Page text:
SRA allows struck-off solicitor to join firm after opposing return to roll


SRA: Public not put at risk by ex-solicitor’s role

The Solicitors Regulation Authority (SRA) has allowed a struck-off solicitor to work for a law firm, having successfully opposed his bid to return to the roll earlier this year.

Minesh Ruparelia has been granted permission to work as a consultant for central London firm AP Berkeley under strict conditions.

Mr Ruparelia, who qualified in 1994, was struck off in 2001. His multiple accounts offences included improper withdrawals from the client account, giving misleading information to investigators and failing to cooperate fully with them.

The SRA rejected applications in 2009 and 2011 to allow him to work for London firm Punatar & Co.

The immigration solicitor applied to be restored to the roll earlier this year, with a view to him setting up an immigration practice at Punatar & Co (now called Aca Law), which is predominantly a criminal law practice.

The Solicitors Disciplinary Tribunal (SDT) said that, while it could see the work he had done since being struck off – including being a regulated immigration adviser – might show his competence, it did not prove his integrity.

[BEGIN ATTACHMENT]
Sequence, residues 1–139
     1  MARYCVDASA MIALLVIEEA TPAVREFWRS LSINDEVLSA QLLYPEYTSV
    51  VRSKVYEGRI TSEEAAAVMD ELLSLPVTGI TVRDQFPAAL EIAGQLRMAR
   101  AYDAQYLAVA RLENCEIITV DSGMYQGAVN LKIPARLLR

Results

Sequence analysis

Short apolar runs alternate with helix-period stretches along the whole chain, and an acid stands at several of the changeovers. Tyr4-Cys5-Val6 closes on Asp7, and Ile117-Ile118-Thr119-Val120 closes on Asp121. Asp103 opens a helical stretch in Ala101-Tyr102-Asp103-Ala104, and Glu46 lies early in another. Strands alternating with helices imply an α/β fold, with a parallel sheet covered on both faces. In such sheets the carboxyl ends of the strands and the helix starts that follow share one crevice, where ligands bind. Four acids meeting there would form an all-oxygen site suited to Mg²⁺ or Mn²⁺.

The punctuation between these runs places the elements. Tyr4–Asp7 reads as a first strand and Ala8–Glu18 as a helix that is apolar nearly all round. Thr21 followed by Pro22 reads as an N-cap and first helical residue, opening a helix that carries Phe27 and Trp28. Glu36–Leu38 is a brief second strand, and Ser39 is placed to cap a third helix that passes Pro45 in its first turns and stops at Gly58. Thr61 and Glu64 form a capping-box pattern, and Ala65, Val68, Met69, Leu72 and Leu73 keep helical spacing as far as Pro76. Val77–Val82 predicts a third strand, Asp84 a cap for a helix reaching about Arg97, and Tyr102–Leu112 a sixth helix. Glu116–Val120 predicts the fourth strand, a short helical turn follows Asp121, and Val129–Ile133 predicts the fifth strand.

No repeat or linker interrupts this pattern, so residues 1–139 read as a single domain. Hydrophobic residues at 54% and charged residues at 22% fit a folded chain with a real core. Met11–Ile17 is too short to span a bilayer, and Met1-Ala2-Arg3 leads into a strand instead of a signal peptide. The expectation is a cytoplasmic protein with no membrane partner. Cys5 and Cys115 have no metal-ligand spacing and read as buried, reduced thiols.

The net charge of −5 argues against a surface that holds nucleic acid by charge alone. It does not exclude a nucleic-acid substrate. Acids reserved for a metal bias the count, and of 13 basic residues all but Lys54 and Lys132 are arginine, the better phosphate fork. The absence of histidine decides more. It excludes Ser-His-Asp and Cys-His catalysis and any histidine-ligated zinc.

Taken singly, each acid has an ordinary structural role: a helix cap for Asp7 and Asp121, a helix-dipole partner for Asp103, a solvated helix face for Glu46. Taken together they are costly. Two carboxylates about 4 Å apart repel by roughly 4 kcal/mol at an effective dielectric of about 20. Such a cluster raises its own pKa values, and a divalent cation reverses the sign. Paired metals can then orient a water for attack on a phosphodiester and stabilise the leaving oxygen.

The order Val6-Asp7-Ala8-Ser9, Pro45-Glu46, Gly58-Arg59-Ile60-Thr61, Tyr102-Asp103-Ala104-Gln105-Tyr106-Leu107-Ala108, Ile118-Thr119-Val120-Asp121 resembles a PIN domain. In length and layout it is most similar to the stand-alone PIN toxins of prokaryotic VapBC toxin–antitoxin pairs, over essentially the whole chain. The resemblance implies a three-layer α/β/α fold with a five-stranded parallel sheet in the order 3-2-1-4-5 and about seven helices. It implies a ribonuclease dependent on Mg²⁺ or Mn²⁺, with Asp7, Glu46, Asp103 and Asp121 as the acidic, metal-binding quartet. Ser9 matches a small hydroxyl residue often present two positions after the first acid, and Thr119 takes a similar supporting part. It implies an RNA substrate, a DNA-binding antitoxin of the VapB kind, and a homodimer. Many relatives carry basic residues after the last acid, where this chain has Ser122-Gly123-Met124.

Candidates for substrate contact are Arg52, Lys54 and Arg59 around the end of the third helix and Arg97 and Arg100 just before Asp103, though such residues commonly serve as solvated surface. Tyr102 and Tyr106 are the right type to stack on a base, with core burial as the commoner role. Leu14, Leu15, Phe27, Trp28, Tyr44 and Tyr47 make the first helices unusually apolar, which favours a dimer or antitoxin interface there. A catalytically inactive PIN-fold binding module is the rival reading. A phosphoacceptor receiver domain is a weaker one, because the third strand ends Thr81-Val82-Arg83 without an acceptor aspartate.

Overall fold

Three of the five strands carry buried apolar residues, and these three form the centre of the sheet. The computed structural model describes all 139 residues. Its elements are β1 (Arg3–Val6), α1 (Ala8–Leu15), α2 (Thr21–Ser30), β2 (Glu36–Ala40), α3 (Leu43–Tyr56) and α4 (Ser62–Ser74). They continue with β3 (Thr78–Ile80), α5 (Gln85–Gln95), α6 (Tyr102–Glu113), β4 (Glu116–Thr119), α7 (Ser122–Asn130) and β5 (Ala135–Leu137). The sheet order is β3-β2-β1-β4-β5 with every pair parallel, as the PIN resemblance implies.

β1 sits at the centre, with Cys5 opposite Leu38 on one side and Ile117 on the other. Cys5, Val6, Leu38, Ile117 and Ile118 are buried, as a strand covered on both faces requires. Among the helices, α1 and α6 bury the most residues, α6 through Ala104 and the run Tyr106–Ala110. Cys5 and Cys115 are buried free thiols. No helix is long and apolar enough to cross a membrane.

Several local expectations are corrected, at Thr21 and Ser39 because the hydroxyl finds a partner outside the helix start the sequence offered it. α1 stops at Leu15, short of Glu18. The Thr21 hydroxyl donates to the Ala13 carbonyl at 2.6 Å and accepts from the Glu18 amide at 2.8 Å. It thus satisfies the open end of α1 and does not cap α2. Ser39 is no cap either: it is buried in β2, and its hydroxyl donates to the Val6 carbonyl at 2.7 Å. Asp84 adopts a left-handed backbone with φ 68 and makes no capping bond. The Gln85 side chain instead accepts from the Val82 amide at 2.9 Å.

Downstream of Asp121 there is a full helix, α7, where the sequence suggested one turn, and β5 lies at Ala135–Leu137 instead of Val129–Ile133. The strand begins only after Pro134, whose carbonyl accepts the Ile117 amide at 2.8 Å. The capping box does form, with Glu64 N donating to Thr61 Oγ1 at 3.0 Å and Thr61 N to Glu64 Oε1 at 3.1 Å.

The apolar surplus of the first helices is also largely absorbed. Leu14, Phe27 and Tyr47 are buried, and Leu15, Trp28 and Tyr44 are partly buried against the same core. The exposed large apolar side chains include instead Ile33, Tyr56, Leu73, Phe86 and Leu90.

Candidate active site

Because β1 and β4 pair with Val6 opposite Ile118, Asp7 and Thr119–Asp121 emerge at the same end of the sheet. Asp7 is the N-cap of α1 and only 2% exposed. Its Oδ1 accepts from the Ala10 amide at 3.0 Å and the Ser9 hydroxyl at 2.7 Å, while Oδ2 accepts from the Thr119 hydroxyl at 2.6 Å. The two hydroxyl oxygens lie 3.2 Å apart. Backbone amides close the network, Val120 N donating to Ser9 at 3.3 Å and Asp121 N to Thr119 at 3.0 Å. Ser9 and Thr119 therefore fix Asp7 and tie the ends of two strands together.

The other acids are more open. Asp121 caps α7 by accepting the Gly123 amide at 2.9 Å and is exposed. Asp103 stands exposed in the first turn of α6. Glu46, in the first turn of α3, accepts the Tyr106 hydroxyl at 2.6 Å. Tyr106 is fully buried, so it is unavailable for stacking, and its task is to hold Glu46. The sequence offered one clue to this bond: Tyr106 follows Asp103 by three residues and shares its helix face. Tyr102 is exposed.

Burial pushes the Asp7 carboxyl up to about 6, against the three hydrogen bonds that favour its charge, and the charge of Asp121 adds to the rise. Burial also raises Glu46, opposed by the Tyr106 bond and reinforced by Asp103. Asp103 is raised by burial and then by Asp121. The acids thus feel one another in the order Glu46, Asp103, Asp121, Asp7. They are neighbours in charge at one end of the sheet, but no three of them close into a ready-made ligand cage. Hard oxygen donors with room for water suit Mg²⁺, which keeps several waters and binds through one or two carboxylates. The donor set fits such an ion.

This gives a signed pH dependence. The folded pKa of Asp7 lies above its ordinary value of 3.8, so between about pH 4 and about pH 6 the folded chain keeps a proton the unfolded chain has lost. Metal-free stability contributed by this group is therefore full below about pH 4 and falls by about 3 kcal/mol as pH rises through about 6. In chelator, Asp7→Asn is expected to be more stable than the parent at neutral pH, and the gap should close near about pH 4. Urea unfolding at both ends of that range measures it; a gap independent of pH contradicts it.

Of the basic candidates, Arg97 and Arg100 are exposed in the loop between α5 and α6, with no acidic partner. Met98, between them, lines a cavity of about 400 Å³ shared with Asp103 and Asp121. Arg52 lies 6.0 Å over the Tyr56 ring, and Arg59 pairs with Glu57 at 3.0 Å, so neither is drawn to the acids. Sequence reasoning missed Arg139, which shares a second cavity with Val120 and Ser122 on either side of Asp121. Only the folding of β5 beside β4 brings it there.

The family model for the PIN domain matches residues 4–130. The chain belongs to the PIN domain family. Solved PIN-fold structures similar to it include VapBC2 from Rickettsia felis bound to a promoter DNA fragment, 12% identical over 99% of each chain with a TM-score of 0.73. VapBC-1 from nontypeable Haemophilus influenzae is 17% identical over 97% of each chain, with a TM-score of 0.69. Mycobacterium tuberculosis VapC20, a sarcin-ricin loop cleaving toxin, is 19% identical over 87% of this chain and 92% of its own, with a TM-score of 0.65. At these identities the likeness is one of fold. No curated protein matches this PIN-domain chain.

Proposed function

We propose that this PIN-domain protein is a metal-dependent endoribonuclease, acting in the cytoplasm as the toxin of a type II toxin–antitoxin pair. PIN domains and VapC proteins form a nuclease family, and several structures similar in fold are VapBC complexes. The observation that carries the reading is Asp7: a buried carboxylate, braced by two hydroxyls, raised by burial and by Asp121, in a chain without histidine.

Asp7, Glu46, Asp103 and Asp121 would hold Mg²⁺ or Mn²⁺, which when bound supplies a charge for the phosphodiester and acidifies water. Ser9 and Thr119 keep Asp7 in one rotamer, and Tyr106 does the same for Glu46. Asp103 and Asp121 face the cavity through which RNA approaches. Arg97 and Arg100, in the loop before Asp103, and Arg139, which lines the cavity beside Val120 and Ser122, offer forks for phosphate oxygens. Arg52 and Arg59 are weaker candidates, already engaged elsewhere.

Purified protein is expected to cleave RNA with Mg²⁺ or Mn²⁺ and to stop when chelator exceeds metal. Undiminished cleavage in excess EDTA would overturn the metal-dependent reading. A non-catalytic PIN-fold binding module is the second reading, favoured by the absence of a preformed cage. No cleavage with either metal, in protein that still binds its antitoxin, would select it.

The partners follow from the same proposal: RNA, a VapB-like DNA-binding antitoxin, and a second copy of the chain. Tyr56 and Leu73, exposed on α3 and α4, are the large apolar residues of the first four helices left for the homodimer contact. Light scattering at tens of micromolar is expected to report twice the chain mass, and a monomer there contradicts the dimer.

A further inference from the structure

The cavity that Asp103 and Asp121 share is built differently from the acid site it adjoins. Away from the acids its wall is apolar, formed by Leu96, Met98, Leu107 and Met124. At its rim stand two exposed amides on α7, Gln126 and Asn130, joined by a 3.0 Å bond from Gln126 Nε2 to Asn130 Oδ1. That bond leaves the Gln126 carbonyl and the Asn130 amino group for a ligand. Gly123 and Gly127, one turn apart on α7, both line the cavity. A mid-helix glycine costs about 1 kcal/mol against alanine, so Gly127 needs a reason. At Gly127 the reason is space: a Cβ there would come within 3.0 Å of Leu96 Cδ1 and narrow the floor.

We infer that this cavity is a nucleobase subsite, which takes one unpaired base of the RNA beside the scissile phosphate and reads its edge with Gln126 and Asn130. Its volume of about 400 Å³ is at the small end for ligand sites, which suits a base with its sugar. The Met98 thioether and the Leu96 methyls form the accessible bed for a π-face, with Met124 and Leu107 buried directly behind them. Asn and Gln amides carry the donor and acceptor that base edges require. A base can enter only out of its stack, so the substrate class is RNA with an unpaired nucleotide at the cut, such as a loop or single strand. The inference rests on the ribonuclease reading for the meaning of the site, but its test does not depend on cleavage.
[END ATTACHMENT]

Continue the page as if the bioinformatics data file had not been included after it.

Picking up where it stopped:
It acknowledged that no finding of dishonesty had been recorded against the solicitor but said this “did not vitiate the seriousness of the misconduct found”.

The SRA opposed restoration, citing the seriousness of the original misconduct and what it considered “the inadequacy of demonstrable rehabilitation to date”.

But a notice published yesterday by the SRA said the regulator has granted AP Berkeley permission to employ Mr Ruparelia as a consultant subject to conditions. It is a firm in Mayfair run by solicitor Paul Roche and barrister Ayesha Qureshi.

The conditions require weekly appraisals of Mr Ruparelia’s work for the first 12 weeks of his employment, moving to monthly thereafter.

He is not to be responsible for the supervision of any other staff, to have no access to any office or client account, not to be a signatory to any office or client account, nor any responsibility for the firm’s accounting functions.

The SRA said it was satisfied that Mr Ruparelia’s new job “will not put public confidence in the administration of justice and the provision of legal services or the interests of clients at risk”.




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